- Published on 14 November 2023
In hydrodynamics, a lift phenomenon arises when a force acts on an object perpendicularly to its initial motion. In everyday life, we are familiar with this effect allowing for instance planes to take off or soccer balls to follow bent trajectories. For such big and fast objects, inertia combines with symmetry breaking (wing shape profile or ball rotation) to give rise to lift. However, lift forces are also at play at low Reynolds numbers, i.e. for small objects or slow flows where fluid viscosity dominates over inertia.
Such forces stem from the key role played by the flow boundaries and the deformability of the objects involved: velocity gradients, elastic deformations or transport in boundary layers can lead to the emergence of lift forces. These are crucial in many soft matter and biophysics problems such as flows of suspensions, particle sorting, joint lubrication or blood circulation. In a new Topical review published in EPJE, Lionel Bureau and Gwennou Coupier (Univ. Grenoble Alpes, CNRS, France) and Thomas Salez (Univ. Bordeaux, CNRS, France) review three important mechanisms that give rise to lift and have initially been studied by separate research communities: (i) soft lubrication occurring when an object flows in the close vicinity of a deformable wall, (ii) elastohydrodynamic effects taking place when a deformable object is placed in a flow gradient, and (iii) electrokinetic lift arising from the transport of ions in the surface of an electrically charged object. They describe the main ingredients at the origin of such lift forces, discuss their respective magnitude and relevance, and point to other possible yet unexplored means of generating lift forces at zero Reynolds.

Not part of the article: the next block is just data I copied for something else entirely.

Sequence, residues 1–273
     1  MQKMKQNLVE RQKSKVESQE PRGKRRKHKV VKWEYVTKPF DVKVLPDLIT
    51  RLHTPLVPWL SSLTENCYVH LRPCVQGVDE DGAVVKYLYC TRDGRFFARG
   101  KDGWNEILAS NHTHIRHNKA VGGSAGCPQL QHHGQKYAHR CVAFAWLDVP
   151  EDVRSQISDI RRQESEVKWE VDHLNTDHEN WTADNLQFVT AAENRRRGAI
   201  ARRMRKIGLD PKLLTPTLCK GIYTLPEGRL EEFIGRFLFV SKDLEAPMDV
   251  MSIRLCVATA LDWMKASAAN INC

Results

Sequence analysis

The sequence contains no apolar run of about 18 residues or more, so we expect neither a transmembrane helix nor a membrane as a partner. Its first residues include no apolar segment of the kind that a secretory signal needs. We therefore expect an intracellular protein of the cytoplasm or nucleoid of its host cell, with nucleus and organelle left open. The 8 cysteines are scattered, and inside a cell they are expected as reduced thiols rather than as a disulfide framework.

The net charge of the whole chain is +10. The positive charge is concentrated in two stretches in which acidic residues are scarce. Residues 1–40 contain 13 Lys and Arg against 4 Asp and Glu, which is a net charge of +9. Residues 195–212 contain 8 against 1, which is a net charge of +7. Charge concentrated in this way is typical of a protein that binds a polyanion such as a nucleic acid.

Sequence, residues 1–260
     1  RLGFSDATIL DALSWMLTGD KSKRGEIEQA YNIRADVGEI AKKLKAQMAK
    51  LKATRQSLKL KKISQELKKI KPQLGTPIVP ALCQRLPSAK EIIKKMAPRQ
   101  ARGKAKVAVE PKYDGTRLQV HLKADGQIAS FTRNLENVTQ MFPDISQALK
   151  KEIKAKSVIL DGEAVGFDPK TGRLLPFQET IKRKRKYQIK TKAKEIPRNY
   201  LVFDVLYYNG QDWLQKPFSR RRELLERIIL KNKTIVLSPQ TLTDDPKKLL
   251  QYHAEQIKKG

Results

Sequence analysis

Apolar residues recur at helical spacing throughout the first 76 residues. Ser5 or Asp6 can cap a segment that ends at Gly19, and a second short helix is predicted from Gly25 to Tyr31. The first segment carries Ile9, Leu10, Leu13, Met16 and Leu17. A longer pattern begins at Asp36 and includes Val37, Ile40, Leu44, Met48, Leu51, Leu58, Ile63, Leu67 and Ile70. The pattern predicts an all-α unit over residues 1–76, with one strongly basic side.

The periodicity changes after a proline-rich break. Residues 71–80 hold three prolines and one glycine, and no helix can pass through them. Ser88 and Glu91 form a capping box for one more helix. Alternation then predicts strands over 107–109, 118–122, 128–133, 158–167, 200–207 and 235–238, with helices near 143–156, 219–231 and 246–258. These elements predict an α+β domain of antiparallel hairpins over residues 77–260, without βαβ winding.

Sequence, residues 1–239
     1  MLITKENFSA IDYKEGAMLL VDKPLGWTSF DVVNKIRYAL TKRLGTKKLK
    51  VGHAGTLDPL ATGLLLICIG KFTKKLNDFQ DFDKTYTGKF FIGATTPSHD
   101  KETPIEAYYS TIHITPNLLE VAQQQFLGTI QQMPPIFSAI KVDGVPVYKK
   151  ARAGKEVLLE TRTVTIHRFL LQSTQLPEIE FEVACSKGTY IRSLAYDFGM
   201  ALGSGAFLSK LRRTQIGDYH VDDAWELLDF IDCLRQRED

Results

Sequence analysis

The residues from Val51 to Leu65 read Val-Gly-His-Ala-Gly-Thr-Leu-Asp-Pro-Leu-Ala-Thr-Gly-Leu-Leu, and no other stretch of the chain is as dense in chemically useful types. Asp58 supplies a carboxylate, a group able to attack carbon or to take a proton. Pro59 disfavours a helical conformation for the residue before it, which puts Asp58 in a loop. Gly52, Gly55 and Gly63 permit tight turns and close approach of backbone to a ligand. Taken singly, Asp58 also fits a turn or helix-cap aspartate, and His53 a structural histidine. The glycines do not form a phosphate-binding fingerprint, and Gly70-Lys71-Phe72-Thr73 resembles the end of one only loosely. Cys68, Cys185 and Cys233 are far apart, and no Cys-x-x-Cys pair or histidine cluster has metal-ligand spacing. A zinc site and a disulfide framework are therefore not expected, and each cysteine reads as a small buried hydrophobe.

Bureau L., Coupier G., Salez, T. Lift at low Reynolds number. Eur. Phys. J. E 46:111 (2023). https://doi.org/10.1140/epje/s10189-023-00369-5
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